About the EVAREST study
Following a pilot study in Oxford (OxCardioFuse), the EVAREST study began recruiting in March 2015. Initially patients were recruited into the study from hospitals in the Thames Valley area, however over the years the EVAREST study has expanded to include hospitals throughout the UK. The current EVAREST research network not only covers a wide geographical area, but also contains a wide variety of hospital sizes and encompasses both high and low volume stress echocardiography departments. It therefore makes EVAREST uniquely placed to provide the first large scale insight into stress echocardiography practice in ‘real world’ NHS practice.
Currently, over 8000 patients have signed up to take part in the EVAREST study, making it one of the largest prospective studies into stress echocardiography in the world.
In September 2020, we began collaborating with the British Society of Echocardiography, who will be conducting a National Review of Stress Echocardiography Practice (BSE N-STEP) with the anonymized data from this study. For more details see or contact the team via e-mail: BSE.NSTEP@cardiov.ox.ac.uk or firstname.lastname@example.org.
Phases of the evarest study
The EVAREST study is comprised of three patient groups:
- Group 1: Investigating the utility of blood biomarkers to improve the accuracy of stress echocardiography (Recruitment completed: 2016)
- Group 2: Examining the performance, accuracy and cost of stress echocardiography in the identification of ischaemic heart disease. Investigating the use of imaging biomarkers to improve the accuracy of stress echocardiography. (Recruitment completed: March 2020).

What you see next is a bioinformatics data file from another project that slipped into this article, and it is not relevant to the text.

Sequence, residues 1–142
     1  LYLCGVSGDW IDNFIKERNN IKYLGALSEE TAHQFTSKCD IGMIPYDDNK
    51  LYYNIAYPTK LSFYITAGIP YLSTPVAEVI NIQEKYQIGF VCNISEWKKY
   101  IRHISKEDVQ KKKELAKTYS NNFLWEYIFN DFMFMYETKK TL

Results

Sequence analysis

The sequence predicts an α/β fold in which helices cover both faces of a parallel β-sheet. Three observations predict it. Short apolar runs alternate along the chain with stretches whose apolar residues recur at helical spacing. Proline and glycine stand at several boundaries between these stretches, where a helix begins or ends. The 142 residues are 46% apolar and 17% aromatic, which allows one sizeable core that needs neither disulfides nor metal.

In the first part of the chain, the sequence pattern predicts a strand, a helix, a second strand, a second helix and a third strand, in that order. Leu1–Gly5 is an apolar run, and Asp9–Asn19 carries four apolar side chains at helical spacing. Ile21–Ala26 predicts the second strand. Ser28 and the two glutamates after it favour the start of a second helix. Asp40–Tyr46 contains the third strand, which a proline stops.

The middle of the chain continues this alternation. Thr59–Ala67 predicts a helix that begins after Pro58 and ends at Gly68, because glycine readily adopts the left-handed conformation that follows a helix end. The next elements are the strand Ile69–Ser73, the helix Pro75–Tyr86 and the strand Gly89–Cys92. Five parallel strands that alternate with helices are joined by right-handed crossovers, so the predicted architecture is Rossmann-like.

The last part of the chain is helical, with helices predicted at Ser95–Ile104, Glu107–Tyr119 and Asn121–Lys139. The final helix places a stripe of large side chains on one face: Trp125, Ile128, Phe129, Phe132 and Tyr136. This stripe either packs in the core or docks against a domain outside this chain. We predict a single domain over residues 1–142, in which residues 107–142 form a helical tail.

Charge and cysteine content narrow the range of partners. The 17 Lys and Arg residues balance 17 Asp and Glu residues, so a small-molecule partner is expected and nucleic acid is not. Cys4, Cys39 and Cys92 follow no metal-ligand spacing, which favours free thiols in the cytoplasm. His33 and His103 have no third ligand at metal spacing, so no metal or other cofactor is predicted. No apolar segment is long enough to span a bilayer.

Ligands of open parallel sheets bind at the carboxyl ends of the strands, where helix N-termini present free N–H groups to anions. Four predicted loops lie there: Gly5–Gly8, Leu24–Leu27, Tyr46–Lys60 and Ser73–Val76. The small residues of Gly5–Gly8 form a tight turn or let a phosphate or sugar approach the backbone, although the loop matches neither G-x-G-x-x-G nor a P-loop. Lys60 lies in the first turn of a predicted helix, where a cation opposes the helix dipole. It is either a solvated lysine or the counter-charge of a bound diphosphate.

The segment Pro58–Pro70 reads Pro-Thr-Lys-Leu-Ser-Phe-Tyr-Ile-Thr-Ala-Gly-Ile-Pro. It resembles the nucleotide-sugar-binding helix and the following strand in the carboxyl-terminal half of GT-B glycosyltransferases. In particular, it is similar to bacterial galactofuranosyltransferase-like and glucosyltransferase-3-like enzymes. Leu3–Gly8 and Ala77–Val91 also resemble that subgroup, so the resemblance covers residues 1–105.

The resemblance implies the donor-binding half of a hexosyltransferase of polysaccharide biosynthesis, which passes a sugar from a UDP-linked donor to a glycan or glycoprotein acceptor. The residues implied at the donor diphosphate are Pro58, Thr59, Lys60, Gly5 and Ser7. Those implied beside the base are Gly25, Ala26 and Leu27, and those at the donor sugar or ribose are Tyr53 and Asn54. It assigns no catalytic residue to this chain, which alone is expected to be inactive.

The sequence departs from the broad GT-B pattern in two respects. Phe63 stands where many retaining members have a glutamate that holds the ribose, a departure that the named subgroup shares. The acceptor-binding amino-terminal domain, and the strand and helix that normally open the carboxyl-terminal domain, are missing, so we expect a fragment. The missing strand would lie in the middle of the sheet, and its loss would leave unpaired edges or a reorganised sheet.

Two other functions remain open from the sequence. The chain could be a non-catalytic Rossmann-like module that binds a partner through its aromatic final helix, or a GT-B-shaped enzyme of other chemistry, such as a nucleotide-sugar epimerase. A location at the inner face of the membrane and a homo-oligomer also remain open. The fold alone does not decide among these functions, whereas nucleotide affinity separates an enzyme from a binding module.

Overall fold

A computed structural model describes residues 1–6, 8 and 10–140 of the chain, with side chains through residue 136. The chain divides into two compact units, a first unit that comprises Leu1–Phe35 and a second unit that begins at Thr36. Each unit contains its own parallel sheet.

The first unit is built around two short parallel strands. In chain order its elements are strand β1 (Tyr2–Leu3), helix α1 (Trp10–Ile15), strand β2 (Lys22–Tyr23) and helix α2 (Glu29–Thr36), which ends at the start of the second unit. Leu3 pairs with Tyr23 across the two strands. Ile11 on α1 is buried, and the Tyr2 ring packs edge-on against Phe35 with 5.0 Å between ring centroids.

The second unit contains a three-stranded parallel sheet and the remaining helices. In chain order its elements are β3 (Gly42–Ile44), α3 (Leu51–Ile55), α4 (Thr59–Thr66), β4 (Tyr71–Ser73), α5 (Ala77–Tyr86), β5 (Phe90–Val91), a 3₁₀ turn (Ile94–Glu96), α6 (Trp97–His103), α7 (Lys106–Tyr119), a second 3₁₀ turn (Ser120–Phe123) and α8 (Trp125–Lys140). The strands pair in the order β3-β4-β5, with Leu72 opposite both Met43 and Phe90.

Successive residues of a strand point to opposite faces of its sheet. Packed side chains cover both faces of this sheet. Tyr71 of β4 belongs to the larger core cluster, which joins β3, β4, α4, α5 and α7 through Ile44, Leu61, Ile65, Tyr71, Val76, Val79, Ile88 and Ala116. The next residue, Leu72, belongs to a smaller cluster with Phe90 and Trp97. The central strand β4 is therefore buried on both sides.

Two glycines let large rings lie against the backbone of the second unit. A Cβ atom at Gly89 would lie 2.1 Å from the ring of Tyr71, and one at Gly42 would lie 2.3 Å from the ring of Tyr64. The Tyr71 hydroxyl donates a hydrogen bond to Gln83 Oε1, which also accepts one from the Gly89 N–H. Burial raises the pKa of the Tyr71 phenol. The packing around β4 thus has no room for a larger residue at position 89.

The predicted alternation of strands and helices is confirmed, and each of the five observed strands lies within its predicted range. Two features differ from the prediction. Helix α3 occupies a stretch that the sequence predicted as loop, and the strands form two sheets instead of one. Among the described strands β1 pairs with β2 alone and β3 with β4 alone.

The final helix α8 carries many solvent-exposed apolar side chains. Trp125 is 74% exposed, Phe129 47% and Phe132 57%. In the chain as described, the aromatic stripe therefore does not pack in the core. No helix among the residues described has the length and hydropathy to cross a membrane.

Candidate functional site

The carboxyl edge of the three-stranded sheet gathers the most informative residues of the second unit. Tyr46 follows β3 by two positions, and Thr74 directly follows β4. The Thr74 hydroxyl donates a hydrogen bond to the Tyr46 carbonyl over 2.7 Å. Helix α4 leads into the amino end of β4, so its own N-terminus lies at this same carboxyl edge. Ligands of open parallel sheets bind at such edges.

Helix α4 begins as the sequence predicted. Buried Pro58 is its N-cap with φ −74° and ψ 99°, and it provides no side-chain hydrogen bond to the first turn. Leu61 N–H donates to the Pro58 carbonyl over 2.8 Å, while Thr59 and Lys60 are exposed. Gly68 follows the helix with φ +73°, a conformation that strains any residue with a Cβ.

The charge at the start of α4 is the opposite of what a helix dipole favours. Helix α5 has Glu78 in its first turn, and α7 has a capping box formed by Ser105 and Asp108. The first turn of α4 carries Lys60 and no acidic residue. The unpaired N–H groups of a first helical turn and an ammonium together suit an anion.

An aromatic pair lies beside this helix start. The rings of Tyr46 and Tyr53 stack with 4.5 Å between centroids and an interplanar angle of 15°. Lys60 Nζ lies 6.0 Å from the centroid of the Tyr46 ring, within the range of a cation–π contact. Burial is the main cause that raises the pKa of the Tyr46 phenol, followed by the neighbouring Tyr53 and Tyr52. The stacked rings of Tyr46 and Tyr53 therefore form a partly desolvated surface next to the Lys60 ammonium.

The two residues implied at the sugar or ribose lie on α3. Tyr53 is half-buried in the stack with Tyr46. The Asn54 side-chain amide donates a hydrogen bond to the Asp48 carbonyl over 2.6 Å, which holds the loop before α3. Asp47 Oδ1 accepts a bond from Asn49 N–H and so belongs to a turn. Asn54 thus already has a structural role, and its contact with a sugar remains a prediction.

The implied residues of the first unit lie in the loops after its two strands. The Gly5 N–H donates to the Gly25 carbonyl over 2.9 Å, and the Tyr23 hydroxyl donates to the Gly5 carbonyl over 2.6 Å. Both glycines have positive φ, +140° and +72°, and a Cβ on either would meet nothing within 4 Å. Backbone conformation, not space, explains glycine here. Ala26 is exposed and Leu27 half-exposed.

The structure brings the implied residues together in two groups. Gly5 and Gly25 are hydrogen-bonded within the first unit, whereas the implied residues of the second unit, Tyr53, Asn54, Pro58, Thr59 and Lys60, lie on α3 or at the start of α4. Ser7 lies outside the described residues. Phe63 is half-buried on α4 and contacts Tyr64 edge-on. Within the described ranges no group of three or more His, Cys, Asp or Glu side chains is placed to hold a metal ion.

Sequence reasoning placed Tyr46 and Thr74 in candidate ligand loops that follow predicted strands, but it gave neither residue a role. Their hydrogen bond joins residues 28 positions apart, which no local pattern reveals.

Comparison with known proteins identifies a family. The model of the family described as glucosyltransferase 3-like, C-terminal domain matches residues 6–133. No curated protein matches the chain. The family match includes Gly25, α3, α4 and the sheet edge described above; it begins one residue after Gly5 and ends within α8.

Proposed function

- Group 3: Examining the use, performance and accuracy of all forms of stress echocardiography across the UK (Recruitment ongoing).
Why are we carrying out this study?
Stress echocardiography is a widely used, non-invasive imaging test used for detection of heart disease. It involves taking images of the heart using ultrasound under resting conditions and then repeating these images when the heart is beating faster (usually following a period of exercise on a treadmill or exercise bike, or through the infusion of a drug that increases the heart rate). This test is most commonly performed to assess whether the patient has significant coronary artery disease, however can be used to detect other forms of heart disease.
Stress echocardiography is known to be highly subjective and dependent on operator skill. Previous studies have reported that stress echocardiography has an accuracy of approximately 80% for the detection of coronary artery disease. We are therefore carrying out this study to determine the accuracy of stress echocardiography in everyday clinical practice in the NHS. We are also looking to examine how the test is performed, and whether this has any impact on accuracy, and also how patients are managed following their stress echocardiogram result.
We are also investigating whether biomarkers in blood samples (group 1 patients only), or from the stress echocardiogram images which predict outcome of patients (group 1 and 2 patients only), could be used to reduce variability of stress echocardiography and ensure consistent and accurate results.